Ralph Tavares: Family, Business, and Beaches
A look back (and forward) at the career of Ralph Tavares, MBI's 2022 Modular Construction Industry Hall of Fame inductee
Even before graduating from the Federal University of Rio de Janeiro in structural engineering, Ralph Tavares had found employment as a project and construction manager for high-rise condominium projects around Rio de Janeiro. One afternoon in 1978, he returned to the company office and found a newly hired trainee named Silvana sitting at his desk. He immediately asked her to marry him. Alas, she said no! (Fortunately, she later changed her mind.)
Both were hired onto the firm after receiving their college degrees. Ralph as an engineer, Silvana as an architect. When the Brazilian economy tanked in 1981, the company received some land as partial payment for the apartment buildings they sold. But they didn’t develop anything on it, so Ralph approached them and asked if he could build something on the land with materials they had left over from other projects. “They loved the idea and they were great clients. Silvana designed the houses, I did the engineering, and we built them. It’s much more common in Brazil than in the US to do design-build projects.” They built about two dozen single-family homes made with pre-fabricated concrete slabs, clay bricks, and pre-engineered wood roof trusses. “We quickly decided to fabricate the concrete slabs ourselves, and started a manufacturing business for forming the slabs and firing our own concrete masonry units for the walls,” Tavares says.
Ralph & Silvana Tavares, along many of their family members, are regular attendees of MBI's annual World of Modular conference and tradeshow.
Tavares describes himself as an “army brat” growing up, frequently moving from place to place, following his father’s work as a high-ranking infantry army officer in the Brazilian military. When he and Silvana moved to the United States in 1987 with their two young children, he was not afraid to continue the habit of moving frequently. Although it was hard for their children at times, Tavares says that they now appreciate the perspective it gave them — they eventually came to feel confident that they could move anywhere and make new friends in a new place.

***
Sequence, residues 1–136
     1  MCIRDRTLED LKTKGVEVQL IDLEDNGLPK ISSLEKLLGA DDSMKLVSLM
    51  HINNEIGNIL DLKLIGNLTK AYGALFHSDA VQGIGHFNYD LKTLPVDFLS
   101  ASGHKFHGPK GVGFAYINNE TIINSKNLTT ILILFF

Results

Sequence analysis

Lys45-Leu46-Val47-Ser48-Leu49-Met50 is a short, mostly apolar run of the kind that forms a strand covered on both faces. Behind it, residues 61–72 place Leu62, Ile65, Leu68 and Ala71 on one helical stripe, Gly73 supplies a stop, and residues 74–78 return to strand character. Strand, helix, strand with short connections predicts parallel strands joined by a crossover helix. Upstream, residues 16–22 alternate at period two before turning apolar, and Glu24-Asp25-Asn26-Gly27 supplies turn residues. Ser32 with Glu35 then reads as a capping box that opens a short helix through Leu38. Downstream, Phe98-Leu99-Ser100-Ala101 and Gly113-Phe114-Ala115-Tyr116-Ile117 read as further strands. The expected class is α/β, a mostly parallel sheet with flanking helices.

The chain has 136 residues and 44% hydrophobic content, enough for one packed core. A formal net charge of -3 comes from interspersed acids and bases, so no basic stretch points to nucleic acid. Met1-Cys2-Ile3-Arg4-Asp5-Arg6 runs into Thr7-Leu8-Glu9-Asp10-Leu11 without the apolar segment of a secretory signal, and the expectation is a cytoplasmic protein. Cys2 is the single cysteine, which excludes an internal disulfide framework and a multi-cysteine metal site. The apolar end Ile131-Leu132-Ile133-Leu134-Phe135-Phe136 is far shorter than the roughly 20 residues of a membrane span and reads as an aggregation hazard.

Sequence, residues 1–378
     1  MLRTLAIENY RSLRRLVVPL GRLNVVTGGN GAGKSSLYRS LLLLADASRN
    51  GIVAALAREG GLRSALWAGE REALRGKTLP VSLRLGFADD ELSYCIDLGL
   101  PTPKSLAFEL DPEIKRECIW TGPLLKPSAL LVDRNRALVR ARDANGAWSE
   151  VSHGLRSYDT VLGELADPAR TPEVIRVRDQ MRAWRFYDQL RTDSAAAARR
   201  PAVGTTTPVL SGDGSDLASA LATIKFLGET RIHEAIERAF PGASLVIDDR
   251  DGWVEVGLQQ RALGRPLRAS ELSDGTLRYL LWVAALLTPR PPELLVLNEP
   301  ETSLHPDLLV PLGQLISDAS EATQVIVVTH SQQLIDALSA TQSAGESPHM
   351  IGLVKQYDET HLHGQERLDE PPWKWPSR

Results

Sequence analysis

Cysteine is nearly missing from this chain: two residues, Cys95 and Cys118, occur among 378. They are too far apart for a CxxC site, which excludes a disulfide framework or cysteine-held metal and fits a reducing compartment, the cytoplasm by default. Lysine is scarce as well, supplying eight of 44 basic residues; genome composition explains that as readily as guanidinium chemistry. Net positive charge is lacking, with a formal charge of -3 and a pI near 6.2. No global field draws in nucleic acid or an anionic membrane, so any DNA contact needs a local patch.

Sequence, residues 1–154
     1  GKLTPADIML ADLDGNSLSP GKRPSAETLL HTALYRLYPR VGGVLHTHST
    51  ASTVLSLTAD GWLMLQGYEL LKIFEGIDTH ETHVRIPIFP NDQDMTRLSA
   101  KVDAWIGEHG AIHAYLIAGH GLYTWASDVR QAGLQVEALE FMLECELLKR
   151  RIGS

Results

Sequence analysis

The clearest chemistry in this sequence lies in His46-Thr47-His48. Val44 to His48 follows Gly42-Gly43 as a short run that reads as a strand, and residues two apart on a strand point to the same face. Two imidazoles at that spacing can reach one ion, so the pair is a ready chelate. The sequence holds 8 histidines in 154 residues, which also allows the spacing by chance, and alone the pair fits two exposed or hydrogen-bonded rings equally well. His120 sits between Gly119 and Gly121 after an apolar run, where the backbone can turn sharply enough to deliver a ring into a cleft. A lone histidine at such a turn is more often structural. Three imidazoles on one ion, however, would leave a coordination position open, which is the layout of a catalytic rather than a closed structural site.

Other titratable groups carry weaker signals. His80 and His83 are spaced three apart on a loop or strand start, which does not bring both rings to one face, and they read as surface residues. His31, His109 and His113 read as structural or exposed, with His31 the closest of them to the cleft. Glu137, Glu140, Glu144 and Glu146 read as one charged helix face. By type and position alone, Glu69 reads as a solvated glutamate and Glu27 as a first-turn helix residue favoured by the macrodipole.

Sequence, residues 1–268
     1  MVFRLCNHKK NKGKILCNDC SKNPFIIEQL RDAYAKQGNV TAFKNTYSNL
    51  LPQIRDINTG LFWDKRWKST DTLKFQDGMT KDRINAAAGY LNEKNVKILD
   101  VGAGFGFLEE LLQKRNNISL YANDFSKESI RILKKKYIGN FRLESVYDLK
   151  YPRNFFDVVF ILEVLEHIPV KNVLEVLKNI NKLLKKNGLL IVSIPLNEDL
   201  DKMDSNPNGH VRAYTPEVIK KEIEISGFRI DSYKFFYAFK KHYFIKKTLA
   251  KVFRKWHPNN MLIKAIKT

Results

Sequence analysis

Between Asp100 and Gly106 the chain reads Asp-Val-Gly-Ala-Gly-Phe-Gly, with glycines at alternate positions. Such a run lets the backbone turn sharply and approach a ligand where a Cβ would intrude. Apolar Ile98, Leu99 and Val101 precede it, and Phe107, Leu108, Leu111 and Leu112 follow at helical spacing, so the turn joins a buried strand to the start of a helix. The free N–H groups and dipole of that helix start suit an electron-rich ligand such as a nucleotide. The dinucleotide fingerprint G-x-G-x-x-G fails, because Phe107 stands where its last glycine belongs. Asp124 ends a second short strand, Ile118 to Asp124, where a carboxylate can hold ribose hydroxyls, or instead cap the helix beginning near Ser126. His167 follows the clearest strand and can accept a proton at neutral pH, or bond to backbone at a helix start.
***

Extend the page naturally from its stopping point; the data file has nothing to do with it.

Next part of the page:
The Tavares family first lived on the east coast (including in New York and Connecticut all the way south to Florida) before eventually ending up on the west coast, in California — after a brief period in the Midwest. Speaking of when the family lived in Kansas City, Tavares says, “The drive to Galveston was over ten hours away. I didn’t realize until I lived in Kansas how much I loved the ocean.” He used to body surf and play soccer on the beach every day growing up. Now, he’s more likely to be found simply enjoying the fresh air, walking on the beach with Silvana, eating seafood, or lying in the shade with a book. “I like to travel, I love wine, and I enjoy cooking. I’m not a chef but I can handle a kitchen. My travel destinations are usually places where I can find great food and great wine.”
Ralph Tavares and his family at the 2022 World of Modular.
Ralph and Silvana founded R & S Tavares Associates in California in 2002 and Tavares recalls that some of the early projects they worked on were schools and clinics — and a large training center for a military base in Arizona. “It was a really ugly building, with no windows, but very high tech and high security so they could play combat simulations inside. The quantity of fiber optics cables and computers was similar to what you’d see in a data center.” Tavares has no photos of the interior of the building because after it was installed, his firm didn’t have clearance to visit it because of the high security at the base.